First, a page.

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Dems probing whether EPA officials violated ethics rules

Congressional Democrats are launching a probe into whether Environmental Protection Agency (EPA) officials scaled back regulations for air pollution to benefit former lobbying clients.

The House Energy and Commerce Committee sent letters to a number of electric utilities and the lobbying firm Hunton Andrews Kurth LLP asking for documents tied to their work on rolling back the Clean Air Act (CAA), in an effort to determine whether the EPA officials violated ethics rules.

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William Wehrum and David Harlow previously worked as lobbyists for a group of utilities while at Hunton. Wehrum is now assistant administrator for the Office of Air and Radiation, and Harlow serves as senior counsel in that division. Both joined the agency during the Trump administration.

“We are concerned that two former employees of your firm — William Wehrum and David Harlow — may have violated federal ethics rules by helping reverse EPA’s position in ongoing litigation,” Committee Chairman Frank Pallone Jr.Frank Joseph PalloneHouse Democrats criticize Texas's 'shortcomings in preparations' on winter storms House panel to probe conspiracy theories in the news House Democrats urge Amazon to investigate, recall 'defective' products MORE (N.J.) wrote in a letter to Hunton that was also signed by Reps. Paul TonkoPaul David TonkoDrug overdose crisis worsens in shadow of COVID-19 pandemic Key House Democrat urges 'economywide' approach to climate change Reversing the Trump administration's numerous harmful efforts to censor science MORE (N.Y.) and Diana DeGetteDiana Louise DeGetteThe Hill's 12:30 Report - Presented by Facebook - J&J A-OK, Tanden in Trouble House Democrats press Facebook on role as a 'breeding ground for polarization' COVID-19 vaccine makers pledge massive supply increase MORE (Colo.).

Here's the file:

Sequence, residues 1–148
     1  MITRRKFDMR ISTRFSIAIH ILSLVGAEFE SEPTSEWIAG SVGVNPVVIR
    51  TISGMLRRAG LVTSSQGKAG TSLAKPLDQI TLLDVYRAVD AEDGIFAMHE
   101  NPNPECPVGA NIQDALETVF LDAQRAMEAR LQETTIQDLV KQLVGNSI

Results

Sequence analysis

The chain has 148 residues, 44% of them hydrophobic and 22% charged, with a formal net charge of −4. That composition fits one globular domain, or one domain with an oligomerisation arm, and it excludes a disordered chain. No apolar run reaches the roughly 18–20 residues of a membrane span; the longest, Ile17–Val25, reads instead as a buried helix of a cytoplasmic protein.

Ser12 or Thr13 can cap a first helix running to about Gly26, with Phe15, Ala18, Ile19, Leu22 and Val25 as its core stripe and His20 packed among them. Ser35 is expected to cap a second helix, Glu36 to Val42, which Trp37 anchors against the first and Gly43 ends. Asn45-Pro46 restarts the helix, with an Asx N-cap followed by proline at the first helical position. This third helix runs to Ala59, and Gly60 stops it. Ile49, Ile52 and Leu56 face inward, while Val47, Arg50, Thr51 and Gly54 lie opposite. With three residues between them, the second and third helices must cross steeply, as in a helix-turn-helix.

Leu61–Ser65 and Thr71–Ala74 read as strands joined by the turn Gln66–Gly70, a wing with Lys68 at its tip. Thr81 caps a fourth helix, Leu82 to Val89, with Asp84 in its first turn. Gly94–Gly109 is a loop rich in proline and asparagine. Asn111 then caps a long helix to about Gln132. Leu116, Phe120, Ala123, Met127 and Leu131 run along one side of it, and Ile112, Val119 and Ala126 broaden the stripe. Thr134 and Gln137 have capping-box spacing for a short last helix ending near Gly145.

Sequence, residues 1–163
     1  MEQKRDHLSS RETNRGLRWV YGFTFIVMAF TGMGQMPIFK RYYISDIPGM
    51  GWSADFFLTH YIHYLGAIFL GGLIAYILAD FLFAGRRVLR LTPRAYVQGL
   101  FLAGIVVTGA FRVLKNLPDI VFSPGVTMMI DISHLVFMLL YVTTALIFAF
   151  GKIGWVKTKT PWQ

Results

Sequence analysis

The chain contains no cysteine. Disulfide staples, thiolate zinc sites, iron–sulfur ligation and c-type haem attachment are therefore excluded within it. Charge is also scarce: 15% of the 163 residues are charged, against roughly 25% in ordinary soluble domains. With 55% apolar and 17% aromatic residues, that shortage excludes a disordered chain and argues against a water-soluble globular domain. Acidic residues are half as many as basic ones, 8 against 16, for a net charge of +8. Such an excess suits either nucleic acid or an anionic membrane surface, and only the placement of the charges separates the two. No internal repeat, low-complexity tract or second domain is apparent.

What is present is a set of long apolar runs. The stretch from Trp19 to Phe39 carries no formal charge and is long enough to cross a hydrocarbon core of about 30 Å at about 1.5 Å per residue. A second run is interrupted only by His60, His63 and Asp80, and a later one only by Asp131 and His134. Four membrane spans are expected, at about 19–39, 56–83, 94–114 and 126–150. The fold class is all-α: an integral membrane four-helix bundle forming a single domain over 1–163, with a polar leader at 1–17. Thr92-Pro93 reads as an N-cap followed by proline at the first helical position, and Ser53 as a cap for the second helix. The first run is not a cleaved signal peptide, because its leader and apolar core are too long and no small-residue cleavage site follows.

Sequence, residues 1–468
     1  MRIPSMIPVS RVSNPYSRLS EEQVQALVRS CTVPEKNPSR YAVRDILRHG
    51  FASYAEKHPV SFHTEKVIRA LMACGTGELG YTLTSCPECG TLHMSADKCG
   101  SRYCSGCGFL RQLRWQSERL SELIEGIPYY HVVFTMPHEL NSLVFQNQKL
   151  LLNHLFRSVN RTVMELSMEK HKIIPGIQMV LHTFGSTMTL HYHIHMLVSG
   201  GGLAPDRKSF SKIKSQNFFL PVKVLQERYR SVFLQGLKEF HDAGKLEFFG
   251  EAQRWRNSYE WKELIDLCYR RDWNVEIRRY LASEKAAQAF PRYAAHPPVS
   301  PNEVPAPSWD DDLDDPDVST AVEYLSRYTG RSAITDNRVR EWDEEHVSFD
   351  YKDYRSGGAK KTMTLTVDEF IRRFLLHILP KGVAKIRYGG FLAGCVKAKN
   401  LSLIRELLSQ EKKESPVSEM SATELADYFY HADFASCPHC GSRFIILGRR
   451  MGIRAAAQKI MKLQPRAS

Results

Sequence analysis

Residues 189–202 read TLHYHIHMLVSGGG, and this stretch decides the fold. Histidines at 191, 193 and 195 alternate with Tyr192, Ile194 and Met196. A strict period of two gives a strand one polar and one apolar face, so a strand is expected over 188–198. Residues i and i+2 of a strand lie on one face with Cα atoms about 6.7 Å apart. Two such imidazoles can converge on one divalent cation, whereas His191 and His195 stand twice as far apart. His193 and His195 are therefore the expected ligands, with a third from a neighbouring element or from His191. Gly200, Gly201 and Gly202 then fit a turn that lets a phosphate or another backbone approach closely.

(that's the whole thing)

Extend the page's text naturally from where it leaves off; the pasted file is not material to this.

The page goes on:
The agency under President TrumpDonald TrumpSenators given no timeline on removal of National Guard, Capitol fence Democratic fury with GOP explodes in House Georgia secretary of state withholds support for 'reactionary' GOP voting bills MORE has rolled back a number of regulations that had long been targets of the coal industry and coal-reliant utilities.

“The Office of Air and Radiation’s agenda appears remarkably similar to the substantive agenda,” of the utilities, the Democrats wrote. “These allegations have raised substantial questions regarding whether Mr. Wehrum and Mr. Harlow are properly carrying out the CAA as directed by Congress or instead changing agency policies to benefit former clients.”

When asked for comment, an EPA spokesman said Wehrum and Harlow "have both been recused from all particular matters where DTE is a party," referring to DTE Energy, one of the several utilities contacted by House Democrats. The spokesman made no reference to the other companies that received letters.

Wehrum was confirmed by the Senate in 2017 in a 49-47 vote after questions were raised both about his lobbying career and his work at the EPA during the George W. Bush administration, when he held the same position that he does now.

Democrats said federal courts 27 times had overturned regulations Wehrum worked on during his prior EPA stint.

The focus on ethics issues comes in the wake of former EPA Administrator Scott PruittEdward (Scott) Scott PruittOVERNIGHT ENERGY: Court rules against fast-track of Trump EPA's 'secret science' rule | Bureau of Land Management exodus: Agency lost 87 percent of staff in Trump HQ relocation | GM commits to electric light duty fleet by 2035 Court rules against fast-track of Trump EPA's 'secret science' rule Restoring the EPA: Lessons from the past MORE's resignation last year following numerous ethics scandals and investigations. His successor, Andrew Wheeler, has faced a number of questions over his past work as a coal lobbyist, and Interior secretary nominee David Bernhardt has faced allegations of continuing to work for past clients.

Updated at 3:42 p.m.